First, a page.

• Beaglebone Black Santa-CAM (after-magic report) – I had some issues with this but things worked out in the end
  • Beaglebone Black¬†Santa-CAM upgrade – adding motion detection on it so it will fire when there’s something happening
  • Hand-made Wood Bench Plane – I will be finishing that up soon
  • Bunk Bed Underbed Storage (IKEA Kura bunk bed hack)
  • SteamOS beta Virtual Machine Install (on Oracle Virtual Box – this is going to be a hoot!)

So, check back often because the updates will be coming fast and furious!

-Dave

Hand-build Bench Plane


hand-plane-1One of the projects that I have been thinking about it a hand-build wood hand plane.  I have a couple planes that I love but they are small and not appropriate for squaring large pieces of timber.  I wanted to get a jointer or jack plane for this but the cost is simply not in my budget.  Then I found some plans for building 3 wood planes on the Popular Mechanics site.  With this, I think I might be able to get somewhere.

About a month ago, I was trolling in the local WoodCraft store and found a piece of Poplar that is 2x3x20 in the scrap bin.  I thought that this might be a good starter piece with a separate sole, and some sides, I can make this work.

Now, I just heard someone groan. ¬†Yeah, its poplar… maybe not the first choice but was going to build it with pine. ¬†I generally like to build a prototype out of something cheap or reclaimed so that there isn’t the fear of jacking up a $40 piece of timber. ¬†It cost me $5. ¬†Prototype started.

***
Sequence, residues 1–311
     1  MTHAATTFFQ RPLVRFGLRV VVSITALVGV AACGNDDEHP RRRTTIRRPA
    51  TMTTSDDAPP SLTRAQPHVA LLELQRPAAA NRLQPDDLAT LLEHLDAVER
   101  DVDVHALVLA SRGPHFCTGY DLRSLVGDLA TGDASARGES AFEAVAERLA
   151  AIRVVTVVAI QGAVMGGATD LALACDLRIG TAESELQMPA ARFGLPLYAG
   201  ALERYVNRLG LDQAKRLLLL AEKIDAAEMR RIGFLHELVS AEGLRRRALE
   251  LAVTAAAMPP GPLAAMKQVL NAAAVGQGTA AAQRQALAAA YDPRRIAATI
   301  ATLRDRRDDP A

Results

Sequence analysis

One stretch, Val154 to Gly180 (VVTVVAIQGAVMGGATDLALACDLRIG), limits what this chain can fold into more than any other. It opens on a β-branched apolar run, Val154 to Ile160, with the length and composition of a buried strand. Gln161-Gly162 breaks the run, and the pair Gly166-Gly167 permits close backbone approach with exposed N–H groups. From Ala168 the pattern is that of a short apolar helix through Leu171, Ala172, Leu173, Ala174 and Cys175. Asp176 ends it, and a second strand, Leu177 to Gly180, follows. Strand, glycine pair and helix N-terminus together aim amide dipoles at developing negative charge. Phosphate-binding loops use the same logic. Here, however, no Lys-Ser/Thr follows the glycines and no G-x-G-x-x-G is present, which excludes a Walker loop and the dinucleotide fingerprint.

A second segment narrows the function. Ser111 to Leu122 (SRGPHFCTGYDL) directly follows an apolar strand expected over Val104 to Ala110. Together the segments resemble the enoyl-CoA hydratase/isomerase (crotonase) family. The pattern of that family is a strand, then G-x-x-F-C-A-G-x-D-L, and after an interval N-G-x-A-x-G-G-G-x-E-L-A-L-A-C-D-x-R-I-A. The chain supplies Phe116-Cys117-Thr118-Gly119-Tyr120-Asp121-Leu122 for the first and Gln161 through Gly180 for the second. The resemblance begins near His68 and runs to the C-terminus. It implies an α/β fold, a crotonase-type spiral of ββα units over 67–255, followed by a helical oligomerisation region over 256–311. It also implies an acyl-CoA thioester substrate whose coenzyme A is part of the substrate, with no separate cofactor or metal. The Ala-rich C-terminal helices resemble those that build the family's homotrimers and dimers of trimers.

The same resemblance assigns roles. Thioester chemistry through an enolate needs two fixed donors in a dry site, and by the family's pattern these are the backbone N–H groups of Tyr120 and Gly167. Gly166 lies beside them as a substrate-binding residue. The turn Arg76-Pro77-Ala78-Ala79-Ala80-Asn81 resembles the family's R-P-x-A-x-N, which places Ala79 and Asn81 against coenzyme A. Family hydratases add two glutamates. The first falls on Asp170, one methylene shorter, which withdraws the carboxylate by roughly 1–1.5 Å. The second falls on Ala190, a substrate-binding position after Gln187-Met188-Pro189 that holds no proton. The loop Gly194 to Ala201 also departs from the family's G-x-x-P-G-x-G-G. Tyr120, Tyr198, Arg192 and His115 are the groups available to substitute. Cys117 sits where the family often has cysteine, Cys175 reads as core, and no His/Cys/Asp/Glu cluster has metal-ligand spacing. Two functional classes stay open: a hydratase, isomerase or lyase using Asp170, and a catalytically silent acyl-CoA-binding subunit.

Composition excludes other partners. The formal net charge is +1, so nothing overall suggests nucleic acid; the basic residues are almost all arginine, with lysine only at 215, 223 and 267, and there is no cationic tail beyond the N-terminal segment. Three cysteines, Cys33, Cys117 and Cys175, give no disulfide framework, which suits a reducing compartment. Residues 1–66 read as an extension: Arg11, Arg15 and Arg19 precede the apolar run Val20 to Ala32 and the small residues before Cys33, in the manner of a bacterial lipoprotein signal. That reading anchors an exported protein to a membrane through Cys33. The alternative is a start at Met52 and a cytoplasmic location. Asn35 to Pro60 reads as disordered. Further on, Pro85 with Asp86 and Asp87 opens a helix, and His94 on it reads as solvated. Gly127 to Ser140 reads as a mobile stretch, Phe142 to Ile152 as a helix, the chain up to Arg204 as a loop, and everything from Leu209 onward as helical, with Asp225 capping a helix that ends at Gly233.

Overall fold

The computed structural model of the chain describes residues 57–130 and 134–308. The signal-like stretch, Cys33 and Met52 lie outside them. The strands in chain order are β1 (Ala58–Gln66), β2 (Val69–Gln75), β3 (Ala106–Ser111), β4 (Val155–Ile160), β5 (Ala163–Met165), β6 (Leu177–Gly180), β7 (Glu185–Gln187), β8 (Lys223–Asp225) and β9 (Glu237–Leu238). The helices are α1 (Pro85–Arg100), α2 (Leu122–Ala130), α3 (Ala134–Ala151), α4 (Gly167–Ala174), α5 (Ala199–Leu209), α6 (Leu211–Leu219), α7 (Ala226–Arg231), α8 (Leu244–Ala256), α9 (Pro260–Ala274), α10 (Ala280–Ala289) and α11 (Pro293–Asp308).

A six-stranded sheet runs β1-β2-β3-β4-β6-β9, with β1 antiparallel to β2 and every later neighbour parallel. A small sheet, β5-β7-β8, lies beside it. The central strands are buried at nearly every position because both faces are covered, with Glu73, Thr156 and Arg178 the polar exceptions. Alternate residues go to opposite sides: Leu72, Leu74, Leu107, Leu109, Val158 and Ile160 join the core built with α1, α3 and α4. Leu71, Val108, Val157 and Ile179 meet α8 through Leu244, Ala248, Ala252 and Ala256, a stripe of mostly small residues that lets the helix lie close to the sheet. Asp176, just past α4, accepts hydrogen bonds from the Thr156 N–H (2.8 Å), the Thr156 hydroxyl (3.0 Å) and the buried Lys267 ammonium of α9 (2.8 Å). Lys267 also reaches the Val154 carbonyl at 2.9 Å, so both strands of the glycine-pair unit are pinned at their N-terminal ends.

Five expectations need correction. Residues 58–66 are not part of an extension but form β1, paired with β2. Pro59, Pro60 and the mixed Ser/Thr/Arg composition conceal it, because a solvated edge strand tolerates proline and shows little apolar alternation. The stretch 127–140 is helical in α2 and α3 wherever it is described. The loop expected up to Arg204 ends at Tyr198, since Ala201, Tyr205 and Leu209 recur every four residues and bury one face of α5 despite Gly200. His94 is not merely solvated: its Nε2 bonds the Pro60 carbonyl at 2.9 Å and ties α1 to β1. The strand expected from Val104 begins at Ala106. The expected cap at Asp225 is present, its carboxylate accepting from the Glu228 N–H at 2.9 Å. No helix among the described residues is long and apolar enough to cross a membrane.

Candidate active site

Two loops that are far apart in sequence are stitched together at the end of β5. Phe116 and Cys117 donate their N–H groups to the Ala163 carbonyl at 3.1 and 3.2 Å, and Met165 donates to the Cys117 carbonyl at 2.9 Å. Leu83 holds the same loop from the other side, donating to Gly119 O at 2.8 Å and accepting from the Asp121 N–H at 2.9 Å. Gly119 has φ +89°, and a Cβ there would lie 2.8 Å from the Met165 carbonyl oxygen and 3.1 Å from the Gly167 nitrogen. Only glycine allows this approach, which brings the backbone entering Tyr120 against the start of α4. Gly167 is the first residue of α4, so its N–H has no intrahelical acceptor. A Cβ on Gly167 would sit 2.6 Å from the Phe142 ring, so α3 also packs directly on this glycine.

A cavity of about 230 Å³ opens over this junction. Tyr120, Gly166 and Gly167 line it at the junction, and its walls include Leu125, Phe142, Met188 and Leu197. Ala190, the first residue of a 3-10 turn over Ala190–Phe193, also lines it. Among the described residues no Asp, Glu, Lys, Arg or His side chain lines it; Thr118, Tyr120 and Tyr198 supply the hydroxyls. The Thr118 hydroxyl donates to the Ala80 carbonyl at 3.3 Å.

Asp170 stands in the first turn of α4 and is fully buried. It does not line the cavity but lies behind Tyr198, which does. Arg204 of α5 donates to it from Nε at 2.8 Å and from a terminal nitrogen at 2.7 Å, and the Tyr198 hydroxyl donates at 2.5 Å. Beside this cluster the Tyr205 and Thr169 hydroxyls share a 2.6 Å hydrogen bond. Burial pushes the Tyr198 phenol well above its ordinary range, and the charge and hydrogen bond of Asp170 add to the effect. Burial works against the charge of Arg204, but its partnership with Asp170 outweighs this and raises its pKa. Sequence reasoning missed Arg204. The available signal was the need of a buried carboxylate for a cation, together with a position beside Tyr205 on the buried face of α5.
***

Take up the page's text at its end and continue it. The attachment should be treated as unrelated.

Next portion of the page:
Days later, I was trolling through Home Depot and found 1/4x3x24 timbers of Red Oak.  Looks like I found my sole (finally) and my sides.  While I was there, I picked up a couple cheap plane irons so that I had a close approximation to what the size of the iron will be.  Later, I will discuss my choices for materials for the real thing.  Oak planks were $15 for three.

I next picked up a 1/4″ piece of steel for the wedge cross-pin. ¬†$2 for 36″ rod.

Sunday night, I laminated one of the red oak planks to the poplar body and clamped. ¬†Sorry, but I don’t have any pictures of that but thats not really interesting. ¬†Then last night I unclamped and cut off the excess red oak from around the poplar and began planing the sides. ¬†There’s something fundamentally ironic about planing a plane.

That is where I ended up last night.  This weekend, I hope to get in a couple hours so that I can cut the body, fit the iron, and get the sides glued to the body.  Maybe I will have enough time to gift this to myself for Christmas.  Maybe.

Here’s the link to the site and plans that I am referencing:

http://www.popularmechanics.com/home/how-to-plans/woodworking/1273456

http://www.popularmechanics.com/cm/popularmechanics/images/7E/tb_lg_plans-lg-1.jpg